Tung Yin, “I Do Not Think [Implausible] Means What You Think It Means”: Iqbal v. Ashcroft and Judicial Vouching for Government Officials, 14 Lewis & Clark L. Rev. 203 (2010)
Michael C. Dorf, Iqbal and Bad Apples, 14 Lewis & Clark L. Rev. 217 (2010)
Juliet P. Stumpf, The Implausible Alien: Iqbal and the Influence of Immigration Law, 14 Lewis & Clark L. Rev. 231 (2010)
Stephen I. Vladeck, National Security and Bivens After Iqbal, 14 Lewis & Clark L. Rev. 255 (2010)
(Hat Tip: John Parry)
February 22, 2010 in Conferences/Symposia, Recent Scholarship, Twombly/Iqbal | Permalink | Comments (0) | TrackBack (0)
Sobbrio, D'Agostino and Sirioni on Lawyering in Italy
The legal system can be treated as a large market where justice is traded in terms of legal disputes. Empirical evidence underlines that demand for legal assistance raises over time, despite high costs connected to filing, not only in Italy but also elsewhere in Europe. Moreover, the demand for legal services increases over time despite the high costs of filing. We argue that such increase is due to plaintiffs’ unawareness about the true cost (including delay) of filing. The reason fundamental to this situation is represented by the asymmetric information, which characterizes this environment. The client usually has poor information to value his chance for winning a dispute; hence he cannot rationally and knowingly form his own demand for legal aid. Thus, there is an adverse-selection process between lawyers and their clients that may lead to an uncontrolled increase of the demand for legal services above the rational level. As we will try to prove in this paper, such situation is emphasized in places with a higher density of lawyers, since they compete with each others in order to attract potential clients. In this paper, we use an instrumental variables approach in order to demonstrate that a high number of lawyers in a geographical area plays a significant role on the demand for new legal disputes. Results provide evidence of a positive effect of lawyers on the increase of legal disputes.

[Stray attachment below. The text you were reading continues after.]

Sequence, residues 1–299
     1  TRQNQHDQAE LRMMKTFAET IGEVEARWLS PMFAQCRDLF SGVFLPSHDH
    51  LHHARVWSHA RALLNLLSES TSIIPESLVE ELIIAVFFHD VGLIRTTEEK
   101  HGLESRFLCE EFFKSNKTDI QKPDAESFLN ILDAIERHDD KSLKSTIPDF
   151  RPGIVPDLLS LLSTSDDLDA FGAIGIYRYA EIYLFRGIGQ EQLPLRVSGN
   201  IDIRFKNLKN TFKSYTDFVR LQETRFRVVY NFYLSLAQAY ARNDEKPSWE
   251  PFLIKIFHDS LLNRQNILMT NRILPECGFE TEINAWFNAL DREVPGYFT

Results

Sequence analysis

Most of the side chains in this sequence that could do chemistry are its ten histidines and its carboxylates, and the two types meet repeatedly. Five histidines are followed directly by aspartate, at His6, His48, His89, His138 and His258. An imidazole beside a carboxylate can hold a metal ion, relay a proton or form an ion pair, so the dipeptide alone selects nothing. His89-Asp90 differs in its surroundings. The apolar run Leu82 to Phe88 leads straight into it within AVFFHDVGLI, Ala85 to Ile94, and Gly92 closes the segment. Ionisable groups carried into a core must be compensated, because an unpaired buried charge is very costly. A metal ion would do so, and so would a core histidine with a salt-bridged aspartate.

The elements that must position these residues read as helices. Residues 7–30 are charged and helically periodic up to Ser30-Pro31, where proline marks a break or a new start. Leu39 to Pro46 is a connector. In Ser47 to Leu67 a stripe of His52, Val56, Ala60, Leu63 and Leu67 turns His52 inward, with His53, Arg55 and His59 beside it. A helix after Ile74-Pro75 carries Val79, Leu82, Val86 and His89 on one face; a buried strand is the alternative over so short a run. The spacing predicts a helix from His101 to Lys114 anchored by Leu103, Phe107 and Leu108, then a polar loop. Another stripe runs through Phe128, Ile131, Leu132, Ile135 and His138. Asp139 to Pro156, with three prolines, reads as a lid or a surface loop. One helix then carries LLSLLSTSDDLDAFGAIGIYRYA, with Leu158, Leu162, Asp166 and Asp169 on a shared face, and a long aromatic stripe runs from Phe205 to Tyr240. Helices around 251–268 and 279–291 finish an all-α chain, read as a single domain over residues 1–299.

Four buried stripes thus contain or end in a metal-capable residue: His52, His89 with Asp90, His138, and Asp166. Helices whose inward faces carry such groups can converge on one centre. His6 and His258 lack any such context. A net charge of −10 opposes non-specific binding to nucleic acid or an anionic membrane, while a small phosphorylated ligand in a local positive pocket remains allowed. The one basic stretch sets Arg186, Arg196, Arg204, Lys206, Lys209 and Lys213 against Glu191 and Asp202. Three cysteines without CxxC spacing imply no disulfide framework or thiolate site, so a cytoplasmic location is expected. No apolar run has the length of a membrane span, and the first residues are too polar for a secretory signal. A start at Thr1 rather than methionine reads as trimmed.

February 22, 2010 in International/Comparative Law, Recent Scholarship | Permalink | Comments (0) | TrackBack (0)
Cromer Young on After Iqbal
Professor Julie D. Cromer Young (Thomas Jefferson School of Law) has posted "Centering the Pleading Pendulum After Iqbal" on SSRN.
In 2007, the Supreme Court in Bell Atlantic v. Twombly introduced the concept of plausibility pleading to federal courts and the Federal Rules of Civil Procedure. Under this concept, in order for a complaint to survive a motion to dismiss, the plaintiff had to plead enough facts to make the cause of action plausible to the court. This was a marked departure in the interpretation of Rule 8's "short and plain statement of the claim" from the standard enunciated fifty years before by the Court in Conley v. Gibson. The Conley Court held that to succeed in a motion to dismiss, a defendant must establish that the plaintiff could establish no set of facts that would support plaintiff's allegations after she had pled enough information to put the defendant on notice of the claims against him. Courts and scholars questioned and debated the applicability of plausibility pleading, but in May 2009 the Supreme Court confirmed it in the 5-4 decision in Ashcroft v. Iqbal, causing the U.S. Senate and House to respond with calls to bring back Conley's "no set of facts" language as the required interpretation.